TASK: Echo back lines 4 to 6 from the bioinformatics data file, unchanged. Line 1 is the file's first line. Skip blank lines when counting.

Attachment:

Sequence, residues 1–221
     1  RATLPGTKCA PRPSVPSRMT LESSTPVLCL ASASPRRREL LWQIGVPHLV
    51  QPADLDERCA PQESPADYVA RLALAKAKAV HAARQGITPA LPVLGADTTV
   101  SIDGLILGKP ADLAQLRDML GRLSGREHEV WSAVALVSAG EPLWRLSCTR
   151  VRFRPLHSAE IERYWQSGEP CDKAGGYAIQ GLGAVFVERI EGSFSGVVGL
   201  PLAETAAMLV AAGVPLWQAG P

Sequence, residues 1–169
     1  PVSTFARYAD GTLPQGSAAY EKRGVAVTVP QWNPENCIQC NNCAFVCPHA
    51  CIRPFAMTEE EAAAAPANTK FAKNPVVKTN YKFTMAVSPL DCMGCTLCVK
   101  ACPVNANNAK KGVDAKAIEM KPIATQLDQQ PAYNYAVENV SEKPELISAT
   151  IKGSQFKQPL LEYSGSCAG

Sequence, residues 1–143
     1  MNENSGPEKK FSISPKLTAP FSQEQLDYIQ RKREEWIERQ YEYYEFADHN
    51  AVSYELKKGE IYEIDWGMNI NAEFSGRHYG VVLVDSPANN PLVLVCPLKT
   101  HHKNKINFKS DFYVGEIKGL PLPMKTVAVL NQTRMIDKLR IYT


   101  SIDGLILGKP ADLAQLRDML GRLSGREHEV WSAVALVSAG EPLWRLSCTR
   151  VRFRPLHSAE IERYWQSGEP CDKAGGYAIQ GLGAVFVERI EGSFSGVVGL
   201  PLAETAAMLV AAGVPLWQAG P